SidClock presents the following quick controls:

SNAPSHOT

Take snapshot of current clock display.
URL

Generate a clickable URL in a new window that will attempt to invoke SidClock with the same options as have been currently selected (EXPERIMENTAL).
Clock

Hide/unhide Clock window.
Location

Hide/unhide Location window.
Time

Hide/unhide Time window.
View

Hide/unhide View window.
Search

Hide/unhide Search window.
Features

Hide/unhide Features window.
Polar

Hide/unhide Polar window.
Almanac

Hide/unhide Almanac window.
Notes

Hide/unhide Notes window.

SidClock presents the following time displays/controls:

Local Sidereal Time

The LST (local sidereal time) is the RA (right ascension) value of the meridian at a particular geographic longitude.
Julian Date

The Julian day is used in astronomy and is the number of days elapsed since January 1, 4713 BC Greenwich noon.
Clock Time

The real-time clock can either be set to use the computer's built-in time (default), turned off completely (to allow user date/time changes, or set to run at a normal pace using the user's date/time settings. Note that it is easier to make changes to date/time when the clock is turned 'off'. When the clock is in 'off' mode, only date/time, lat/long and magnitude changes cause the display to be re-drawn. A single click on the plot area will also cause it to refresh it once in this mode.
Clock Rate

The default clock rate for SidClock is 1 second per second (i.e. realistic time rate). In 'user' clock time mode, it is possible to speed up that rate to additional settings of 1 minute per second, 1 hour per second, 1 (solar) day per second (useful for seeing the difference between solar and sidereal days), and 1 (sidereal) day per second (useful for seeing movement against a static stellar background e.g. Sun, Moon, planets).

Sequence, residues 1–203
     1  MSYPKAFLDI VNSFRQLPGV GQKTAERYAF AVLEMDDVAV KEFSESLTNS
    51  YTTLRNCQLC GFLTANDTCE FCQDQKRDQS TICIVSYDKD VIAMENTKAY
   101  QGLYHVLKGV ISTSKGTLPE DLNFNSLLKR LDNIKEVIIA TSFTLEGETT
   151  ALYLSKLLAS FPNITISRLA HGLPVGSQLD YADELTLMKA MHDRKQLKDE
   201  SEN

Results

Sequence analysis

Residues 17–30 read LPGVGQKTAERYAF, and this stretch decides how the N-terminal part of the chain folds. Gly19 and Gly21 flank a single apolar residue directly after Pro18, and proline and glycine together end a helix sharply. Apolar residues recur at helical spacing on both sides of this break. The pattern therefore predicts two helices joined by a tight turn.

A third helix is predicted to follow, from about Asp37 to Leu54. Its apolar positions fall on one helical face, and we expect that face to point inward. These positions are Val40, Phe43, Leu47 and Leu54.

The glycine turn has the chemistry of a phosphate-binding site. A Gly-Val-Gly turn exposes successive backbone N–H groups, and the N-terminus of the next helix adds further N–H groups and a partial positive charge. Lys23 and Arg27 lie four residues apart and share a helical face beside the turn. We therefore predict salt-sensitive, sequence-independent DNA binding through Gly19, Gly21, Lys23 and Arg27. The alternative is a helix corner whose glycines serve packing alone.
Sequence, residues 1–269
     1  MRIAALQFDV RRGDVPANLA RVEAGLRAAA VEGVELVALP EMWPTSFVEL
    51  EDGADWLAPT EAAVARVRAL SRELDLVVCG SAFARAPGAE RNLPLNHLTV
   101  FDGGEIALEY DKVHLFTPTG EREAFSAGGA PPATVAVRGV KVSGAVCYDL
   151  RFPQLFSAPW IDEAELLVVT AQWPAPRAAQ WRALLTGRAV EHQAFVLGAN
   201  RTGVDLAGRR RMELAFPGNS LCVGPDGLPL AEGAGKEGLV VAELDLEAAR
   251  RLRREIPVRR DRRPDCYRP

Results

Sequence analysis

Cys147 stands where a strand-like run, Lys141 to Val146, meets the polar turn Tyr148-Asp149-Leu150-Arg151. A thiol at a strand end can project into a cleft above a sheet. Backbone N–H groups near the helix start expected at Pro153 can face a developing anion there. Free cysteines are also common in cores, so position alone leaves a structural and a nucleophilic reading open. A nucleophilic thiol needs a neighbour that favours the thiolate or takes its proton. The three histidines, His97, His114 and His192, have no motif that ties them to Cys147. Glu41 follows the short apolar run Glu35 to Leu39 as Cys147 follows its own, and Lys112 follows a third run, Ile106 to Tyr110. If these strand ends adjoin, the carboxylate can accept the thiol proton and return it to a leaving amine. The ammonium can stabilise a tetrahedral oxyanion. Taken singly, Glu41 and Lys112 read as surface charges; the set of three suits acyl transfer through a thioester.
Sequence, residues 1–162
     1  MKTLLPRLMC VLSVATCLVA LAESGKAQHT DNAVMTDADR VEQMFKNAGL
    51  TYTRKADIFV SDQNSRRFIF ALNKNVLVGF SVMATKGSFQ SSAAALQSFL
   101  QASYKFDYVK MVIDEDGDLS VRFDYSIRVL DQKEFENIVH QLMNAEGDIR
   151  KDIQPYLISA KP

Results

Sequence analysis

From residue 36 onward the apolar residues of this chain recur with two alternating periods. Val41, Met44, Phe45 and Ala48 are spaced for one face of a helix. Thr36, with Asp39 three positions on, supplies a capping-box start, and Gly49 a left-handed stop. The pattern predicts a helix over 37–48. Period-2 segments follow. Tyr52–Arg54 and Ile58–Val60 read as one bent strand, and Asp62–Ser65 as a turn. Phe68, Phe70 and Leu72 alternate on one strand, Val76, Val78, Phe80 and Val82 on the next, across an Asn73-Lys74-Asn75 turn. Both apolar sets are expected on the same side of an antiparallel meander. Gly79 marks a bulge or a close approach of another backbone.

Clock Interval

The default clock interval for SidClock is 1 update per second. Most reasonably modern computers/tablets can handle this, though having many complex features/options activated at the same time can be difficult. This option allows for intervals up to 600 seconds (10 minutes) so relieve some processing pressure from your computer.
Precession

The default star positions are based on the year J2000 epoch. Using mathematical precession, the user can select alternate years for plotting the star locations (from 1900 to 2200). While this typically makes only a very small impact to what is displayed, the differences are noticable around the poles (e.g. Polaris Precession). Polaris will be closest to the NCP in the year 2102. Precession of the equinoxes is a very slow sky clock, taking approximately 26000 (25772 is most accurate current estimation) years for a complete rotation. A circle denoting the variance in precession over its complete cycle can be viewed by using the 'Precession' feature. This can be matched by altering the current year and activating the 'Precession' option at the same time.